Driv'n from his throne in dens to pafa the day,
■To herd with wolves and howl the night away.



Sq



Jl prospect of poetry. t?

So wild Lycaon fled his own abode,*
Chang'd by the vengeance of an angry God,
On ftiaggy feet ran howling thro' the plain,
And mingl'd nightly with the prowling train.

Here let the mufe awhile delighted reft,
Plcas'd with the profpeft op'ning in her bieaft,
The wide horizon and the world furvey.
As thro' the walks her fancy loves to ftray.

Invention! ah how beautiful art thou!
I feel thy fudden infpiration now;
Thy whifpers prompt me, and the pleafing ftrife,
Of infant thought juft ftrug'ling into life;
The new-born offspring longs to try its feet.
And run thro' vcrfe with voluntary heat;
This was the nymph that did wife Numa plcaf.^ f-
And this the genius of great Socrates.

Like fome fmooth miiTor fee Euphrates glide,
Thro' Duras' plains and fpread his bofom wide;
On whofe broad furface wat'ry landflcips lie.
And bending willows fhade the downivard Hey;

D There



* The ftory of Lycaon may pofiibly be taken from Nebuchad-
nezzar, for priding hiiufclf in the grandeur of thofe gardens which
he caufed to be built for his Queen, who loved the profpe(5ls of
Media, he was in the fame place and moment changed into a
wild bead.

f iEgtria,



IS A PROSPECT OF POETRY,

There floating forefls mixt with meadows move.

And the green glafs reflefts the flow'rs above j

Shepherds and fheep along the picture ftray,

And with the water feem to Aide away;

In the blue gleam the park and walls appear.

And gilded barges mixt with grazing deer;

The huntfman founds — the frighted fhadow flies.

Thro* flocks, greens, fhepherds, barges, hounds and fldefs

Thus in a room where light can only pafs.
Thro' the fmall circle of a convex glafs;
O'er the ftain'd flieet amufing fhadows Aide,
Clouds float in air and fiiips along the tide:
In rural poilure fields and oxen fhow.
Trees wave, ftreams run, and colour'd bloflbms glow.

'Tis thus when fpring's foft vernal blooms appear.
And throw a. glory round a youthful year;
Or fummer blazing o'er the heav'nly blue,
"When fwarming infefts dip their wings in dew:
In autumn too the fame mild fcene delights.
To view the vt'ater and enjoy the nights;
Nor lefs loud winter wilder blifs denies.
When Boreas bids the broad Euphrates rife ;
Then peaceful images amufe no more.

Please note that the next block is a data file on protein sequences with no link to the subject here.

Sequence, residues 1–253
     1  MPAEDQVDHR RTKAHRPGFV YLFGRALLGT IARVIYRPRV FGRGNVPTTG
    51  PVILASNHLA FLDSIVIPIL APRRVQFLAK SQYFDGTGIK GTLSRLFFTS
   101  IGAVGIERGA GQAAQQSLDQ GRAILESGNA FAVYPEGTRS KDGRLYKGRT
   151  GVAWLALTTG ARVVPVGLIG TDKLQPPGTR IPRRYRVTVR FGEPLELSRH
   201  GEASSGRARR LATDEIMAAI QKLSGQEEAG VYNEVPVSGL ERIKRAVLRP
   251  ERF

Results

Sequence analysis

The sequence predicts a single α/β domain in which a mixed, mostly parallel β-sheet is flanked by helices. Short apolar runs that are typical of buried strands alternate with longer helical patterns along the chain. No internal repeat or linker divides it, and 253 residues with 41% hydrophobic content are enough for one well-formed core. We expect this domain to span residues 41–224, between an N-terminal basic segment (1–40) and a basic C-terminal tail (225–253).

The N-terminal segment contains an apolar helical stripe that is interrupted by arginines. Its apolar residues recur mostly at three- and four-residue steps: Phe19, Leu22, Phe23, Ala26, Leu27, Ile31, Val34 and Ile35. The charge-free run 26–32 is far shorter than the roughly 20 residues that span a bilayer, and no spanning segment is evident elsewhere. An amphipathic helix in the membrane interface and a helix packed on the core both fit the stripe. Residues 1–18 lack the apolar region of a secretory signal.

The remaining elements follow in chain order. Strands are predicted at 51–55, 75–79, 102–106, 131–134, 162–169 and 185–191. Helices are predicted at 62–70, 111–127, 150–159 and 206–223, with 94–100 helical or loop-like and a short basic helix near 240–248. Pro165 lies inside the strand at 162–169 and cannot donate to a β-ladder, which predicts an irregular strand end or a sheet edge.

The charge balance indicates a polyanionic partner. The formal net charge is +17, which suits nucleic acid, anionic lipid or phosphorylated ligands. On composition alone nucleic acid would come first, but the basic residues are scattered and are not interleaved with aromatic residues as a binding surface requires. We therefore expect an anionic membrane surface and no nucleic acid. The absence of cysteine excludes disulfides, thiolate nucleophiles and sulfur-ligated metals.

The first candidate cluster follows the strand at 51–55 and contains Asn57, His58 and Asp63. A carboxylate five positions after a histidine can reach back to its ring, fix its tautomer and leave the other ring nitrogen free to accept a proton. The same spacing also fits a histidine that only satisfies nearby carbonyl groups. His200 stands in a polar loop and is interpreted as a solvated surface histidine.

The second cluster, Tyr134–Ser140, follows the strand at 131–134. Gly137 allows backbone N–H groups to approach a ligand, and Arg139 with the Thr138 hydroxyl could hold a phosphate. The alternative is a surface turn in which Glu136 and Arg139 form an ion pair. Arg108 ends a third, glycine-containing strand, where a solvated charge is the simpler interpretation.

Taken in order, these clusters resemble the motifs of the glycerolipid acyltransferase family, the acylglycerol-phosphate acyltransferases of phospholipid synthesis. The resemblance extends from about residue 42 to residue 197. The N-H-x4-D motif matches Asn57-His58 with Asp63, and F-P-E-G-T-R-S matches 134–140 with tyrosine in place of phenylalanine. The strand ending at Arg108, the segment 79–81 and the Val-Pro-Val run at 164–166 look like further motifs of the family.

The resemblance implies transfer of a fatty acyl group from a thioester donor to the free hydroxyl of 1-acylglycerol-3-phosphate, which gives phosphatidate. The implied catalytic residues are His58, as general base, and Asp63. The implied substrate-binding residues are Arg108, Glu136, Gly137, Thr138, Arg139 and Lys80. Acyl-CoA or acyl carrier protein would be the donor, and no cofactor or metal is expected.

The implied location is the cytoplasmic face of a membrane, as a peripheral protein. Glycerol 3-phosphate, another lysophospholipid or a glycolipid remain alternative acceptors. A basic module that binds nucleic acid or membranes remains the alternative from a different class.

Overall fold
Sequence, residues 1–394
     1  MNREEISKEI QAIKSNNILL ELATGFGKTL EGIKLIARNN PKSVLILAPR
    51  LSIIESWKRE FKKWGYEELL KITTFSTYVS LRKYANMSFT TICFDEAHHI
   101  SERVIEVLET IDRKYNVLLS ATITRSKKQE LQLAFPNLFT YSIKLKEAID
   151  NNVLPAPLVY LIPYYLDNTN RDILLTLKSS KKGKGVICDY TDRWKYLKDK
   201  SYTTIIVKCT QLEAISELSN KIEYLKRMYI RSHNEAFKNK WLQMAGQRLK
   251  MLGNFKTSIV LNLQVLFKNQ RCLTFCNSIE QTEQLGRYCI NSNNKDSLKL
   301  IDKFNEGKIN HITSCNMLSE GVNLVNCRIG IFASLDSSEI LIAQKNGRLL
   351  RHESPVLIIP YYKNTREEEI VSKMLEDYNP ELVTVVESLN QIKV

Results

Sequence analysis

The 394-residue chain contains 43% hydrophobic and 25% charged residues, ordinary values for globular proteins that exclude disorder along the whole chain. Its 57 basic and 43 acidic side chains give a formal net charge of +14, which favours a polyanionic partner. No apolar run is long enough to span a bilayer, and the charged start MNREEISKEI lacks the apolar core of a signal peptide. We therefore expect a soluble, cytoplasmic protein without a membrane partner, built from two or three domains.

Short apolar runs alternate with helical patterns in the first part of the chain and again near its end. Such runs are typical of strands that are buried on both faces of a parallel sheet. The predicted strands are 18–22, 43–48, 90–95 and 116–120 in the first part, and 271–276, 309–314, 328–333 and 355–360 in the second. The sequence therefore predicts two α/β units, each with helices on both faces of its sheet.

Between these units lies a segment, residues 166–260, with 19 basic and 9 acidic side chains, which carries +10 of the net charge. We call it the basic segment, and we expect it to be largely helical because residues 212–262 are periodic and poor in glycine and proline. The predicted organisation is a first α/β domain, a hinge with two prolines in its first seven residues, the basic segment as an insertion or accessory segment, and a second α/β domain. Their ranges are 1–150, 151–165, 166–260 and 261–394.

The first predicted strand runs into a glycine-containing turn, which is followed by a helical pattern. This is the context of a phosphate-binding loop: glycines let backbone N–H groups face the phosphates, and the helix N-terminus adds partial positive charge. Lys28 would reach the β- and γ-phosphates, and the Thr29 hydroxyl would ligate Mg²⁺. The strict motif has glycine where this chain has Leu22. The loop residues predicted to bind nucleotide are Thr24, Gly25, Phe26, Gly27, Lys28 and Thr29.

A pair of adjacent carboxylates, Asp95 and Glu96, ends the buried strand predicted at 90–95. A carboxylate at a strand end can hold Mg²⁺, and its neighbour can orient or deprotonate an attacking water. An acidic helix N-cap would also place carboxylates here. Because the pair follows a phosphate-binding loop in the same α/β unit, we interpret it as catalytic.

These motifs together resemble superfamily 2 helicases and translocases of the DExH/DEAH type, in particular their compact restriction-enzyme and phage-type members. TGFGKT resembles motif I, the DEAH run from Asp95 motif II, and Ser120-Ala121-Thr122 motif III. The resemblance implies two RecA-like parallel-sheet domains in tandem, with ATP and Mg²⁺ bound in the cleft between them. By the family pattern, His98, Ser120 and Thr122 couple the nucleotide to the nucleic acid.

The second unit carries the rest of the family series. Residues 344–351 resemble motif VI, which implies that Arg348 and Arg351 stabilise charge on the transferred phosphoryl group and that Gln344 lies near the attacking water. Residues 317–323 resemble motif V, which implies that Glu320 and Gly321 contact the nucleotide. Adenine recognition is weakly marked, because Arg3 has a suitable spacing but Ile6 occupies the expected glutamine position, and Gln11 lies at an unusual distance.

But thro' the bridge the founding furges roar,
Wide dafhing, foaming high, and tumbling to the fhore,
The diftant billow feems the heav'ns to lave,
And the horizon ftoops to drink the v/ave.

So



A PROSPECT OF POETRY. 1»

So the loud Euxine, whofe compulfive fway.
Ne'er yet knew ebb or fwift reflux of fea,
Rolls on eternal and direftly beats,
Againft black Bofphorus' tempeftuous ftreights;
The Dardanelles behold its low'ring front,
Gloom the Fropontis and the Heliefpont.

Now fwell your ftyle and let the flood conform.
To the rous'd tempeft; and the roaring ftorm ;
In verfe as rough let ev'ry torrent move,
Froth the vest waves and curl their heads above;
L.et the green tide turn white with abrupt fliock.
And break the fait furge on the rugged rock:
Not fo where mazy rills meand'ring fhine,
The running filver trickles thro* the line ;
In fmoother notes the whifp'ring waters purl.
The brook falls tuneful and the waves uncurl;
Hence images of difF'rent kinds abound.
In all the volubility of found,
Apply'd to fubjedls correfponding flow,
Some loudly rough and others fweetly low.
Hence various ftyles appear in war and peace.
And ev'ry ft.yle has its peculiar grace;
In ep cs here a hero ftrides away.
And there Amintor tunes his oaten lay;
While o'er the lawn the lambkins frifl< along,
And with their bleatings fill the rural fong;
Or when ftill cv'ning reddens o'er the flcy,
It bids her bluflies round the welkin fly;
In each foft cloud fome colour is exprefl:,
'Till with united glories burns the weft :

D 2 Then



2t! A PROSPECT OF PGETRY.

Then fvvarm the flies, the tinfel'd people ruiij


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Online LibraryJames De-La-CourA prospect of poetry, with other poems → online text (page 1 of 5)